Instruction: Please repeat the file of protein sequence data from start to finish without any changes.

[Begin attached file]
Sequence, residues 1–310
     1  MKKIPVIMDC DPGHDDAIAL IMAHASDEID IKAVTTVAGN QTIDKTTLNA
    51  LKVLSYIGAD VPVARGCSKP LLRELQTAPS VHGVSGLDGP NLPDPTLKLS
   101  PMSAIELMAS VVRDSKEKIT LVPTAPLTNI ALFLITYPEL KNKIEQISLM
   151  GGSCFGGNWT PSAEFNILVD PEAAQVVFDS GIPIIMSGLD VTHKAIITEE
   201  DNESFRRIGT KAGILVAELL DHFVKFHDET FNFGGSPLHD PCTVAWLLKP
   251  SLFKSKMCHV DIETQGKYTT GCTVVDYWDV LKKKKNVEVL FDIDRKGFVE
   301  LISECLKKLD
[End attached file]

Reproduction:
Sequence, residues 1–310
     1  MKKIPVIMDC DPGHDDAIAL IMAHASDEID IKAVTTVAGN QTIDKTTLNA
    51  LKVLSYIGAD VPVARGCSKP LLRELQTAPS VHGVSGLDGP NLPDPTLKLS
   101  PMSAIELMAS VVRDSKEKIT LVPTAPLTNI ALFLITYPEL KNKIEQISLM
   151  GGSCFGGNWT PSAEFNILVD PEAAQVVFDS GIPIIMSGLD VTHKAIITEE
   201  DNESFRRIGT KAGILVAELL DHFVKFHDET FNFGGSPLHD PCTVAWLLKP
   251  SLFKSKMCHV DIETQGKYTT GCTVVDYWDV LKKKKNVEVL FDIDRKGFVE
   301  LISECLKKLD